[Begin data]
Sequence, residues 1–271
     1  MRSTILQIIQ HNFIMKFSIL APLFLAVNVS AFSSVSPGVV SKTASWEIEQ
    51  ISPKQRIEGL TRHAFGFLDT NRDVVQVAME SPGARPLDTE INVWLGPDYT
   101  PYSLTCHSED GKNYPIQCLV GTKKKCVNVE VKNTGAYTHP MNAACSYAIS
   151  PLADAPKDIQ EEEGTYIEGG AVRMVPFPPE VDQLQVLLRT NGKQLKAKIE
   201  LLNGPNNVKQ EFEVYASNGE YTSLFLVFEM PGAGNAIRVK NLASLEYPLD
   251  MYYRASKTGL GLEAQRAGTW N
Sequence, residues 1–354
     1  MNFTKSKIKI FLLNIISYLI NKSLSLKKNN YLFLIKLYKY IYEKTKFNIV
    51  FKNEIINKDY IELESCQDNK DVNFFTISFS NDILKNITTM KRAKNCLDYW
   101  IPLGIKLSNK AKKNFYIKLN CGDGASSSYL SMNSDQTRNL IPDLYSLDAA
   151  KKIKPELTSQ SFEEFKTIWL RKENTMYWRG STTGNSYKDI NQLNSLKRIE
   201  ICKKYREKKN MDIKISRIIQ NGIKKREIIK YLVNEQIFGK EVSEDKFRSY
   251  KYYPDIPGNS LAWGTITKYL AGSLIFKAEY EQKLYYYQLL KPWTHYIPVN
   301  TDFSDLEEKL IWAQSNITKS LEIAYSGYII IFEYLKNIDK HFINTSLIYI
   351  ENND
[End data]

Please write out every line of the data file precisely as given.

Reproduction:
Sequence, residues 1–271
     1  MRSTILQIIQ HNFIMKFSIL APLFLAVNVS AFSSVSPGVV SKTASWEIEQ
    51  ISPKQRIEGL TRHAFGFLDT NRDVVQVAME SPGARPLDTE INVWLGPDYT
   101  PYSLTCHSED GKNYPIQCLV GTKKKCVNVE VKNTGAYTHP MNAACSYAIS
   151  PLADAPKDIQ EEEGTYIEGG AVRMVPFPPE VDQLQVLLRT NGKQLKAKIE
   201  LLNGPNNVKQ EFEVYASNGE YTSLFLVFEM PGAGNAIRVK NLASLEYPLD
   251  MYYRASKTGL GLEAQRAGTW N
Sequence, residues 1–354
     1  MNFTKSKIKI FLLNIISYLI NKSLSLKKNN YLFLIKLYKY IYEKTKFNIV
    51  FKNEIINKDY IELESCQDNK DVNFFTISFS NDILKNITTM KRAKNCLDYW
   101  IPLGIKLSNK AKKNFYIKLN CGDGASSSYL SMNSDQTRNL IPDLYSLDAA
   151  KKIKPELTSQ SFEEFKTIWL RKENTMYWRG STTGNSYKDI NQLNSLKRIE
   201  ICKKYREKKN MDIKISRIIQ NGIKKREIIK YLVNEQIFGK EVSEDKFRSY
   251  KYYPDIPGNS LAWGTITKYL AGSLIFKAEY EQKLYYYQLL KPWTHYIPVN
   301  TDFSDLEEKL IWAQSNITKS LEIAYSGYII IFEYLKNIDK HFINTSLIYI
   351  ENND